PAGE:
engineer    A person who uses science to solve problems. As a verb, to engineer means to design a device, material or process that will solve some problem or unmet need.

germ   Any one-celled microorganism, such as a bacterium, fungal species or virus particle. Some germs cause disease. Others can promote the health of higher-order organisms, including birds and mammals. The health effects of most germs, however, remain unknown.

graduate student   Someone working toward an advanced degree by taking classes and performing research. This work is done after the student has already graduated from college (usually with a four-year degree).

materials engineering    The design of the new substances, focusing on how their atomic and molecular structure affects their overall properties. Materials engineers can create new materials or gain important insights by probing existing ones. Their analyses of a material’s overall properties (such as density, strength and melting point) can lead to the creation of novel materials that are tailor-made for some new use.

molecule   An electrically neutral group of atoms that represents the smallest possible amount of a chemical compound. Molecules can be made of single types of atoms or of different types. For example, the oxygen in the air is made of two oxygen atoms (O2), but water is made of two hydrogen atoms and one oxygen atom (H2O).

nano–    A prefix indicating a billionth. In the metric system of measurements, it’s often used as an abbreviation to refer to objects that are a billionth of a meter long or in diameter.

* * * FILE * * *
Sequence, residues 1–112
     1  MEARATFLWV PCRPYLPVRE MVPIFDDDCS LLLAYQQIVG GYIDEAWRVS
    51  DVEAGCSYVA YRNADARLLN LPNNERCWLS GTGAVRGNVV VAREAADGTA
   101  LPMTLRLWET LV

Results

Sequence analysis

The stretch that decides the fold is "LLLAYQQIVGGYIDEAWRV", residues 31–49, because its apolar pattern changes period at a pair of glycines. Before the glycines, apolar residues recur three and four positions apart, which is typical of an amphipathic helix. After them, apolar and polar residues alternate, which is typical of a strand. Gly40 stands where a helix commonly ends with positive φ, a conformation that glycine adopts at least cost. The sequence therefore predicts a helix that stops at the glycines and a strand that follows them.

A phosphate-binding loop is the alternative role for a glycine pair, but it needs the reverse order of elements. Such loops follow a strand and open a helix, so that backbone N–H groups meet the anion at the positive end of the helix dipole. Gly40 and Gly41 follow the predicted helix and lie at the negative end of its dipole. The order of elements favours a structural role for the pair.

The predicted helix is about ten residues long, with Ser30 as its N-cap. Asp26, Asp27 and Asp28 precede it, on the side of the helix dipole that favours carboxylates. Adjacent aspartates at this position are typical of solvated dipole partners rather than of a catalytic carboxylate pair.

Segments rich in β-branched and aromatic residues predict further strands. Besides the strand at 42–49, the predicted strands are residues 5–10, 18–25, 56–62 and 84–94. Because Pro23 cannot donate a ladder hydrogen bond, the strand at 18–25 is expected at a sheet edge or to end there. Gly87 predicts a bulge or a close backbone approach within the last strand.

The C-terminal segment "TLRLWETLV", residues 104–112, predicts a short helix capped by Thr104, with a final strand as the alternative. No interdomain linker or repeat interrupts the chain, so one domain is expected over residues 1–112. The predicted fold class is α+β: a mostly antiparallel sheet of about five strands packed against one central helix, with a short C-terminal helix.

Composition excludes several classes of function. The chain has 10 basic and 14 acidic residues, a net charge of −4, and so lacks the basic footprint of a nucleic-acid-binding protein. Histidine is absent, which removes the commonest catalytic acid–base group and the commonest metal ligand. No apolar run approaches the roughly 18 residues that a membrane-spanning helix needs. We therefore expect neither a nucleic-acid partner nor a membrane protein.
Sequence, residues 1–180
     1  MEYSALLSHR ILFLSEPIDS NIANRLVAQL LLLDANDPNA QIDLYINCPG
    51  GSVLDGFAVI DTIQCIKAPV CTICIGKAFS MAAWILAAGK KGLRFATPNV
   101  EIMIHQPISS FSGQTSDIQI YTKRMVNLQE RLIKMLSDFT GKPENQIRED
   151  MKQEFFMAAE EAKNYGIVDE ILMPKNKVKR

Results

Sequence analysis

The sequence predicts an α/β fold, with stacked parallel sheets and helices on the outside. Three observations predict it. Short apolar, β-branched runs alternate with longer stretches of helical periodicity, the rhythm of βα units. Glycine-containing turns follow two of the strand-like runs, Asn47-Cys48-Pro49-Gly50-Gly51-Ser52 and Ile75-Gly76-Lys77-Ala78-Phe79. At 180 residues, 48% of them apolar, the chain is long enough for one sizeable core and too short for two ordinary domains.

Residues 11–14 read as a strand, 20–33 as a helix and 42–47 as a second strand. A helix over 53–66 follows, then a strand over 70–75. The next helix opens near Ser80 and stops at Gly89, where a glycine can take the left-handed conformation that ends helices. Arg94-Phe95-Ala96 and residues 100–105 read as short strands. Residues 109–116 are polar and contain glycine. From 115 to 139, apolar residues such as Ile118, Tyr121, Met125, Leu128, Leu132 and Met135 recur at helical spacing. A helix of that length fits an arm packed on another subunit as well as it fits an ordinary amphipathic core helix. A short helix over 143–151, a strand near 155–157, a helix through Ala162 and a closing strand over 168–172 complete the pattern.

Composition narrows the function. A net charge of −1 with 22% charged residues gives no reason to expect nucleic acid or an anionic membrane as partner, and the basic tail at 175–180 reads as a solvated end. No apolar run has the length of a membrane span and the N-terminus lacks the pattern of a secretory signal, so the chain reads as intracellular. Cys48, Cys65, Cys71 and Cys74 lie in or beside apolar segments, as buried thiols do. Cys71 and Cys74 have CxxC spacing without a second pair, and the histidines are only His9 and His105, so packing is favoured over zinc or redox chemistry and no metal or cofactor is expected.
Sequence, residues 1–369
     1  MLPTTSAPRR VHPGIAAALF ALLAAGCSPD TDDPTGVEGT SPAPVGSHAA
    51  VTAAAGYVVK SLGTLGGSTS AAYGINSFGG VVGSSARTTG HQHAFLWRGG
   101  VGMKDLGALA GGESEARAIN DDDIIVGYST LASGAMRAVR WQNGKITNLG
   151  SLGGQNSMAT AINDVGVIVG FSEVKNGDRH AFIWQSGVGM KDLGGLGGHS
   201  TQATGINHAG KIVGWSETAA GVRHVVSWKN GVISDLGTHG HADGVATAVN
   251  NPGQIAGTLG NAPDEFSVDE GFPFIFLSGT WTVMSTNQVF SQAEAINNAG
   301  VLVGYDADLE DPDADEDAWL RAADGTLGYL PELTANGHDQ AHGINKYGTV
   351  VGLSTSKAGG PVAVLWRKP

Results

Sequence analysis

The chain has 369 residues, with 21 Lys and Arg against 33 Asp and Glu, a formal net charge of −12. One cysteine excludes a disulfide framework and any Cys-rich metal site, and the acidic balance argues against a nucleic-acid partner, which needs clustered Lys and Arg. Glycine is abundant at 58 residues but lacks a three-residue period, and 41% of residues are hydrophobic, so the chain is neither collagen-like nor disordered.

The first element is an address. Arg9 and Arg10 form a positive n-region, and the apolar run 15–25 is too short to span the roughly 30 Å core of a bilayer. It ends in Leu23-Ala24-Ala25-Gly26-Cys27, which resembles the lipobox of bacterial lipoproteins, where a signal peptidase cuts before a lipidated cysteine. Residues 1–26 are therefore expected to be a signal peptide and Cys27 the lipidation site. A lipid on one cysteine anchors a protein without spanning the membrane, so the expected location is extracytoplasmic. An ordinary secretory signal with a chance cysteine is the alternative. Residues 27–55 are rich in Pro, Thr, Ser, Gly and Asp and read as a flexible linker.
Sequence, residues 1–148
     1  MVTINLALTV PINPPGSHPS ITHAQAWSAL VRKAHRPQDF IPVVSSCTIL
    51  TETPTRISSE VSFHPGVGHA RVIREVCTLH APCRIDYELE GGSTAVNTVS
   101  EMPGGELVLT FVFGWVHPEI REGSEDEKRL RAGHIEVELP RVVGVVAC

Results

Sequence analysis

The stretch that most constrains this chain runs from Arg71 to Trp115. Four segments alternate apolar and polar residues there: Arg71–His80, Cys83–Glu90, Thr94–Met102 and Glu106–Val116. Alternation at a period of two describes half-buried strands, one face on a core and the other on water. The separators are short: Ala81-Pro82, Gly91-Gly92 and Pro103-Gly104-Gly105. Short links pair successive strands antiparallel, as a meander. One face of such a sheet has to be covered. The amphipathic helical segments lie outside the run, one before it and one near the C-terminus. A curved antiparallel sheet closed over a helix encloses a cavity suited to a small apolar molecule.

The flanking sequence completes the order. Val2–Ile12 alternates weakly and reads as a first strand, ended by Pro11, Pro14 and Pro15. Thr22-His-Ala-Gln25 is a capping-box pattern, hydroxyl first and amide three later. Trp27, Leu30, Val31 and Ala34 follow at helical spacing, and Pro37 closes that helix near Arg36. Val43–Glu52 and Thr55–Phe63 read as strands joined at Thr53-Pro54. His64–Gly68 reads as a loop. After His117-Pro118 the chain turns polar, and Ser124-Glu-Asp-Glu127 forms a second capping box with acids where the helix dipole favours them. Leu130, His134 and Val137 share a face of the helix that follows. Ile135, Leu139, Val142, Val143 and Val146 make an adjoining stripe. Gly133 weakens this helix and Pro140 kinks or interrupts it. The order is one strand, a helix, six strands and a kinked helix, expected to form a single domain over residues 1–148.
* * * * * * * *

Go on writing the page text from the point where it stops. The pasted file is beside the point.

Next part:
nanotechnology    Science, technology and engineering that deals with things and phenomena at the scale of 100 billionths of a meter or less.

plastic   Any of a series of materials that are easily deformable; or synthetic materials that have been made from polymers (long strings of some building-block molecule) that tend to be lightweight, inexpensive and resistant to degradation.

polymer    Substances whose molecules are made of long chains of repeating groups of atoms. Manufactured polymers include nylon, polyvinyl chloride (better known as PVC) and many types of plastics. Natural polymers include rubber, silk and cellulose (found in plants and used to make paper, for example).

Staphylococcus aureus   (also known as staph) A species of bacteria that is responsible for a number of serious human infections. It can cause surface abscesses, or boils. If it gets into the bloodstream, where it can be carried throughout the body, it may also cause pneumonia and infections of the joints or bones.

transplant    (in medicine) The replacement of a tissue or an organ with that from another organism. It is also a term for the material that will be transplanted.

technology    The application of scientific knowledge for practical purposes, especially in industry — or the devices, processes and systems that result from those efforts.

This is one in a series presenting news on technology and innovation, made possible with generous support from the Lemelson Foundation.